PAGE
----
Drone Records
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Format: CD + DVD
Label & Cat.Number: Invisible Birds ib006
Release Year: 2012
Note: second album after the nice "Fragments of Night" LP by this drone-collective from US, feat. a re-interpretation of the first album & additional material + 3 films on the DVD; beautiful poetic / transcension ambience, inspired by many French poets such as BAUDELAIRE, and others.. lim. 500, much recommended !!
Price (incl. 19% VAT): €15.00

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"The second release from Ingenting Kollektiva includes a CD that is a 79 minute reinterpretation by Johannes D'eglise of Ingenting Kollektiva's lp Fragments of Night, with additional material from J.S. Bach, Ingmar Bergman, Olivier Messiaen, Johannes D'eglise, and Matthew Swiezynski, mastered by 12k mastering. Music inspired by the work of modern french poets such as Charles Baudelaire, Yves Bonnefoy, and Philippe Jaccottet. Titles and ambiance for this album have been greatly assisted by Richard Stamelman's book Lost Beyond Telling : Representations of Death and Absence in Modern French Poetry. Also included is a DVD with 3 films; collaborations between Diane Granahan, Tarrl Lightowler, and Matthew Swiezynski. Films include Spectral Analysis Loops, My heart, delirious with sound, and I can feel the sea falling over my head. Music for Spectral Analysis Loops/Deep in the glowing was mastered by Giuseppe Ielasi." [label info]


"I was first introduced to Ingenting Kollektiva in Vital Weekly 820, when I reviewed their LP 'Fragments Of Night' and here they return. It's collective of musicians and film makers, who work in various constellations. They are Johannes d'Eglise, Diane Granahan, Tarrl Lightowler and Matthew Swiezynski. The CD is by d'Eglise and Swiezynski, while the DVD has music by Swiezynski and Lightowler, and films by the both of them and Granahan. Complicated perhaps? "The kollektiva seeks to issue recordings that are meditations on the quality of light, sound and atmosphere created by Ingmar Bergman and Sven Nykvist" it still says on the website, and to that musical end we have here music being processed by Johann Sebastian Bach, Ingmar Bergman, Olivier Messiaen, Arthur de Eriomem and their own 'Fragments Of Night'. The nine pieces on the CD flow into each other in a most natural way, so that we indeed have one long piece, but also clearly divided into nine separate sections. Highly atmospheric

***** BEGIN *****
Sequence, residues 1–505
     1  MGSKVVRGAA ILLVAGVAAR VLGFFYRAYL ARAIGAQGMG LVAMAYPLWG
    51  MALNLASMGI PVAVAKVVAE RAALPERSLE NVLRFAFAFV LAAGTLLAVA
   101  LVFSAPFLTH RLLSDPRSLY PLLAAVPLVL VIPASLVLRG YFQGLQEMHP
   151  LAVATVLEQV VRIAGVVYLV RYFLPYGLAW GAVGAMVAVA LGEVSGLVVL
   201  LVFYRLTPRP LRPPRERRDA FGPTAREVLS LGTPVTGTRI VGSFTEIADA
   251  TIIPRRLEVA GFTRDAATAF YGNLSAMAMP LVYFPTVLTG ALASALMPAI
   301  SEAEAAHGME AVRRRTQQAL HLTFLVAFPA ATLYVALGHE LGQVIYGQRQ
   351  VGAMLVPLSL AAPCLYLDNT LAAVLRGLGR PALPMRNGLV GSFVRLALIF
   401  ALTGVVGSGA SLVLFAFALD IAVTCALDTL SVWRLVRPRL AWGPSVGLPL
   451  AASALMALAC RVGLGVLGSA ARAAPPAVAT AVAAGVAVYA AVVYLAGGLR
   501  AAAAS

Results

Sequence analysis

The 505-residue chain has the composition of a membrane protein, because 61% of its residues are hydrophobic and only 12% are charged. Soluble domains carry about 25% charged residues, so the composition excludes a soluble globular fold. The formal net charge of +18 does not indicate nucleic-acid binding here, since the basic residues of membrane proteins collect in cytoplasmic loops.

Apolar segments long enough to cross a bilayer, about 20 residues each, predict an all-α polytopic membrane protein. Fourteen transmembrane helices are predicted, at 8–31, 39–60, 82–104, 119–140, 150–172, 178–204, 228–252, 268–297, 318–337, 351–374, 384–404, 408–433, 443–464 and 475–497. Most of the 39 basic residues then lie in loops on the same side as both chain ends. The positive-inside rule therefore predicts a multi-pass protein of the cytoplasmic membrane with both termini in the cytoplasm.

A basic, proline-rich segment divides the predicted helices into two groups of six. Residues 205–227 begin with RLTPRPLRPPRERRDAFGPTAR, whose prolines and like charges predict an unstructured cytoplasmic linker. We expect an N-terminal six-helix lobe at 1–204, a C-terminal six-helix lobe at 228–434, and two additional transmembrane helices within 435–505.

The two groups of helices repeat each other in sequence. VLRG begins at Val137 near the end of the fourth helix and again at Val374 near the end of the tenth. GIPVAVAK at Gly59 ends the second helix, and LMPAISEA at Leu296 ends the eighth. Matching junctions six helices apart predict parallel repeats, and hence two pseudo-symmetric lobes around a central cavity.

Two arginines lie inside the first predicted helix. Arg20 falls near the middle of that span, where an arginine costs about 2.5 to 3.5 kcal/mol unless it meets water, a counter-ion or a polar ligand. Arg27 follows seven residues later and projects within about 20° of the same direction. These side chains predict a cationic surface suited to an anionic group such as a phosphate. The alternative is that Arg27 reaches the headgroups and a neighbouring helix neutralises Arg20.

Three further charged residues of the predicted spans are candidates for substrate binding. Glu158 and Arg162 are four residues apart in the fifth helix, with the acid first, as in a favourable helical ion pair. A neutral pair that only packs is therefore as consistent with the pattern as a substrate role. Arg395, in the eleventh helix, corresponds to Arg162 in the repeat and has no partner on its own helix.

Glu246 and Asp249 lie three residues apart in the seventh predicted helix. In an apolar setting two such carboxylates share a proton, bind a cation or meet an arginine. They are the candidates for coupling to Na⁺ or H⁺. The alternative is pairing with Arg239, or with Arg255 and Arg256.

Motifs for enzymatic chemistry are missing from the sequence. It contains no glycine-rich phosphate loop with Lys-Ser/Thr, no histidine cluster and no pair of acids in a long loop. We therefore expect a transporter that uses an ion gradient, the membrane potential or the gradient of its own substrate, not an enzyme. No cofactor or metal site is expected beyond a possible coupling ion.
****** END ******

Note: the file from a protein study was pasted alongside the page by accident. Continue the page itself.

music, using lots of time stretching (I assume), which are smeared out in thick layers over the canvas (that is the computer that is). All of it quite dark and heavily textured, perhaps not unlike their previous album. You won't recognize any of the sound sources, me thinks, and perhaps soundtrack music. And last time I wrote: "I wonder what their own films be like", so now I can head over to the DVD part of this. Now, I am not much of critique when it comes to art movies, certainly when they are of an abstract nature, and I feel I can only judge them in merely subjective views, i.e. I can tell you what I see and if I like it. To start with the latter: I do like it. Ingenting Kollektiva know quite well how to translate their music into film (although you never know what came first). Especially in the four films by Tarrl Lightowler we have a fine bombardment of visuals, multi-layered, swiftly moving about, like flicker movie. Perhaps too rapid if you are an epileptic, but I thought these were great. Images of birds, petals, and more abstract imagery work quite nice altogether. In the film 'My Heart, Delirious With Sound', the images are very reduced. Black background and abstract grey washes dropping by every now and then. It fits the sparse music of single processed flute quite well. Such sparseness is also present in 'I Can Feel The Sea Falling Over My Head', and these two longer films offer a totally different side of the coin of Ingenting Kollektiva. I liked the LP back then, but it's this package which completes the picture even better.
Maybe too late but there is a special highly limited and highly expensive edition which includes thirty more minutes of music, which may not shed more light on their music, but instead further explores the depths of their musical world." [FdW/Vital Weekly]